Seeing these counters, I'd definitely think memory pressure. The reason why can be trickier to diagnose, but the other stat on your screenshot indicates something. All of these indicators corresponded with a spike in user connections to the database, I know you mention that their was nothing unusual about site traffic, something/s were connecting to your db and doing something - a lot of things, it seems.

The reboot cleared it because it cut all of those connections. Unless you have a history somewhere else showing more in depth information about connections, you're not likely to be able to tell (from SQL server side) what was connecting and doing what - it might be worth investigating any connected apps (looking for a process or something going loopy - but I wouldn't spend too long doing so). I doubt you'll be able to ascertain with any amount of certainty exactly what caused it this time.

For the future, if this occurs again, I'd recommend seeing what is connected (and doing what) before you bounce the box (although I know sometimes the pressure is just to get things working again, but taking a quick look at connections doesn't take long).

There's a number of ways to do this but a good start would be Adam Machanic's sp_WhoIsActive (Info, Download, Brent Ozar talking about it)

Edit: A bit more For some more performance monitoring stuff I like Brent Ozar's PerfMon best practices (It's an older post, Sir, but it checks out...). It has a nice video.


Alternate explanation Yes, it's always possible the cause is infrastructure issues, and you can't be sure on that without separate hardware monitoring information (and even then you can't really be sure...). However, the spike in user connections corresponding to the other metrics behavior really does point to memory pressure due to a spike in activity (although, never assume it's only one problem).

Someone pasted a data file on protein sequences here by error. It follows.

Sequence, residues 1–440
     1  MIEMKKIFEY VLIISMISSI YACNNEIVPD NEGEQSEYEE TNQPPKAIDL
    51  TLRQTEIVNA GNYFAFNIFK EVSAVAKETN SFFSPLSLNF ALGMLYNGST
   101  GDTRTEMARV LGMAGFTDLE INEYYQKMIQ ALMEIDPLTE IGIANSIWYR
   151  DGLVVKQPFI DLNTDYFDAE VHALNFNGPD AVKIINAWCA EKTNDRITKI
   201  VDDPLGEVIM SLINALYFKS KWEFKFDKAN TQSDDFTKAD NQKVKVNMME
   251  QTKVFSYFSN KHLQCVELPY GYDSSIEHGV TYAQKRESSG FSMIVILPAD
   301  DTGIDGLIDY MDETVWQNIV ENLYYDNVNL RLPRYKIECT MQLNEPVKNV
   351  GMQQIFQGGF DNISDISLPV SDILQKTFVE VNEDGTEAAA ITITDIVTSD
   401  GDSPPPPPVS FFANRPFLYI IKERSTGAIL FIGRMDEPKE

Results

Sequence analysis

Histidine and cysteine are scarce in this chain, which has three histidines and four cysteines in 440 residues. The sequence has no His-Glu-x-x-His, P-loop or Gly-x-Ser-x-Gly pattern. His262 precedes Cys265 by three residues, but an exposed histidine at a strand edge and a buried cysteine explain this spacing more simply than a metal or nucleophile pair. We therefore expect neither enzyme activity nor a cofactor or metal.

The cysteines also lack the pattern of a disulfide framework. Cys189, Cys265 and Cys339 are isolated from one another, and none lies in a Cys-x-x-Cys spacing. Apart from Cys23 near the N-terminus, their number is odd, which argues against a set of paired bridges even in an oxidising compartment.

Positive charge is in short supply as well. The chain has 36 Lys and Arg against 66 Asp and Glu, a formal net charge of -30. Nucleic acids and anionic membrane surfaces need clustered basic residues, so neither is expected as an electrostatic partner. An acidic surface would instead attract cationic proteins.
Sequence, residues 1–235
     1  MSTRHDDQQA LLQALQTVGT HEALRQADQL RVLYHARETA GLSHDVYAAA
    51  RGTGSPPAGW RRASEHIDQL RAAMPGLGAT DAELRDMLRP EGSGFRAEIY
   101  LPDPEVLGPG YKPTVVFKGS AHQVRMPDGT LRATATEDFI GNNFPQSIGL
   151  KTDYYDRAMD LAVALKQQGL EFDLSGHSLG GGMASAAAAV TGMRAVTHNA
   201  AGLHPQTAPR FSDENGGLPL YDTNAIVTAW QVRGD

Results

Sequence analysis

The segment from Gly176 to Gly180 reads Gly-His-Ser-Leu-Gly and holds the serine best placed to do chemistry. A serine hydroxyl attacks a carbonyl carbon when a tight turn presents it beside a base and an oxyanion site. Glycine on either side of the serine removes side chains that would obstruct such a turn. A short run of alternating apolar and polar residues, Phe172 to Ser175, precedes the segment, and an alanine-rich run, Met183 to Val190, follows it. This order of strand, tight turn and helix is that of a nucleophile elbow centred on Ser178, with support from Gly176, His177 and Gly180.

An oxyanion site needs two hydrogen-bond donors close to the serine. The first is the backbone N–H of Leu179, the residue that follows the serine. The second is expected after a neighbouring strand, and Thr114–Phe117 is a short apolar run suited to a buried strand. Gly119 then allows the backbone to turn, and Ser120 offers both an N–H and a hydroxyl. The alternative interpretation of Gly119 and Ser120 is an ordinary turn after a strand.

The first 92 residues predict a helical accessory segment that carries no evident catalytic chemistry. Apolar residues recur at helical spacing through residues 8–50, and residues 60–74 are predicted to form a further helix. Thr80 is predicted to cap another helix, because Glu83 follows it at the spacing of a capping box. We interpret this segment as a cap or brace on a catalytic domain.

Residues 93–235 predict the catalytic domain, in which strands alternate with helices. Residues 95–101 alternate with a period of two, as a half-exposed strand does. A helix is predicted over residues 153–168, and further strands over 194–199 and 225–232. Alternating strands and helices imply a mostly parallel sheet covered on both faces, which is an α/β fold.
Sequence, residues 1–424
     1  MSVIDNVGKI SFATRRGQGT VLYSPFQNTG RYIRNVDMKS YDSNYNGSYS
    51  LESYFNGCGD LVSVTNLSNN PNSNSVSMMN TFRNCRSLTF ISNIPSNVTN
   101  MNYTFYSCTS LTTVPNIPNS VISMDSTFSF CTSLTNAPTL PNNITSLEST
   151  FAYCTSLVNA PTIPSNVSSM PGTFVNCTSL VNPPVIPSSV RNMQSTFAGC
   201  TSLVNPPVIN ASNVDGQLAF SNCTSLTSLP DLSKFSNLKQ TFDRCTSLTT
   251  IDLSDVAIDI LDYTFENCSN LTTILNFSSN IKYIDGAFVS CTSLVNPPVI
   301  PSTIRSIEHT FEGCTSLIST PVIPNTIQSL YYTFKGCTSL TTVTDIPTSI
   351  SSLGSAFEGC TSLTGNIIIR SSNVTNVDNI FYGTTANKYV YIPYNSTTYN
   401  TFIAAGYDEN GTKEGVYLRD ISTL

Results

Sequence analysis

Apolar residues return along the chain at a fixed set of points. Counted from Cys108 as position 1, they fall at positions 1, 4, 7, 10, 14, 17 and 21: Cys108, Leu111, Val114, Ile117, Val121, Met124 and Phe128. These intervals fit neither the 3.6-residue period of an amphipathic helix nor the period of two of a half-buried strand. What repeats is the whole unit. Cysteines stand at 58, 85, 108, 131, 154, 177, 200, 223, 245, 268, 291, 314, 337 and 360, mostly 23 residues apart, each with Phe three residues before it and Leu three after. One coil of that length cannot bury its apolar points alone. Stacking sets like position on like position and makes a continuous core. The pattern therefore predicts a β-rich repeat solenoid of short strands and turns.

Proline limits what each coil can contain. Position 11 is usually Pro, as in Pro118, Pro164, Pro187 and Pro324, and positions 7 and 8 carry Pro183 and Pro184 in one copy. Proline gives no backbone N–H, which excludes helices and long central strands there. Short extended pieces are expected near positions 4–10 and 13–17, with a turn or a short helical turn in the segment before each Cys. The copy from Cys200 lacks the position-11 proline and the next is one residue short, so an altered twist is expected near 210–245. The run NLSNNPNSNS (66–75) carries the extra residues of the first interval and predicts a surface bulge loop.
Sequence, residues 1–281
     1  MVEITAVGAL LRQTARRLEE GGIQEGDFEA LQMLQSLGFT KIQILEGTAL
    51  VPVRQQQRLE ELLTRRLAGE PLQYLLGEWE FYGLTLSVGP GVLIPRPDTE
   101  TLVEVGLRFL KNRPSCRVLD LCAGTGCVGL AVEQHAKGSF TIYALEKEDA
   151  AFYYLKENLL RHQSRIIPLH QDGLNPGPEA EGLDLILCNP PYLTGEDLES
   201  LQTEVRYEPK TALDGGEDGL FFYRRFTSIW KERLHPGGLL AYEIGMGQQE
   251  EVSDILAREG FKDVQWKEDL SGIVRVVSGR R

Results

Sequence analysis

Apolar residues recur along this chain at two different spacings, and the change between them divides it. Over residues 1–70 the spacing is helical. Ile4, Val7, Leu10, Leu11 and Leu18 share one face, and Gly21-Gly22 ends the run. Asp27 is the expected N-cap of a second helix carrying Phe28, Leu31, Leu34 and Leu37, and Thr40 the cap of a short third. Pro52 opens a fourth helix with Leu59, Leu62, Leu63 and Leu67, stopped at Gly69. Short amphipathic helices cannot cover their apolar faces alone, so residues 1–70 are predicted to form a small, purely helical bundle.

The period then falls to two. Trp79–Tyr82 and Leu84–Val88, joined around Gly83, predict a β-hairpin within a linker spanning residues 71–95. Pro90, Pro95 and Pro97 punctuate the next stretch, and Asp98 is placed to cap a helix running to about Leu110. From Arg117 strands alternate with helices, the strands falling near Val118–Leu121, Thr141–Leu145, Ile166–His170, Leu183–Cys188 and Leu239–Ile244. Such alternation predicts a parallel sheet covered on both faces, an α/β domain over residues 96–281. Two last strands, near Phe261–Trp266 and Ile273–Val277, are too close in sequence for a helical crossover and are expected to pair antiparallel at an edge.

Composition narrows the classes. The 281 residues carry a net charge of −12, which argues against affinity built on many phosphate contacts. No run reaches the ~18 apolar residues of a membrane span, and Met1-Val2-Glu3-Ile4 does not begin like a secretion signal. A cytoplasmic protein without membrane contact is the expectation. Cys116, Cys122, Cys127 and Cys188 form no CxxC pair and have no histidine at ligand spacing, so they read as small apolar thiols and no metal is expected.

• I've added a bit more detail, including the memory consumption graph that supported my hypothesis that it isn't a memory issue. It's possible I'm misreading the graph or there's a statistic that I'm missing here, but we are monitoring both the memory consumption assigned to SQL Server by the operating system, AND SQL's internal measure of how much allocated memory is actually in use. Does this make things any clearer? – Dylan Beattie Mar 16 '17 at 15:07
  • I'm also fairly certain, given the nature of our traffic (web requests), that the increase in the number of connections is actually caused by the CPU spike - as the server becomes unresponsive, user connections end up being held open for 20-30 seconds and then timing out instead of the typical one or two seconds it takes to connect, run a query, render a page and disconnect. There is a corresponding flood of SQL Query Timeout errors in our other logging systems starting around 30 seconds after the CPU spike, which would support this explanation. – Dylan Beattie Mar 16 '17 at 15:13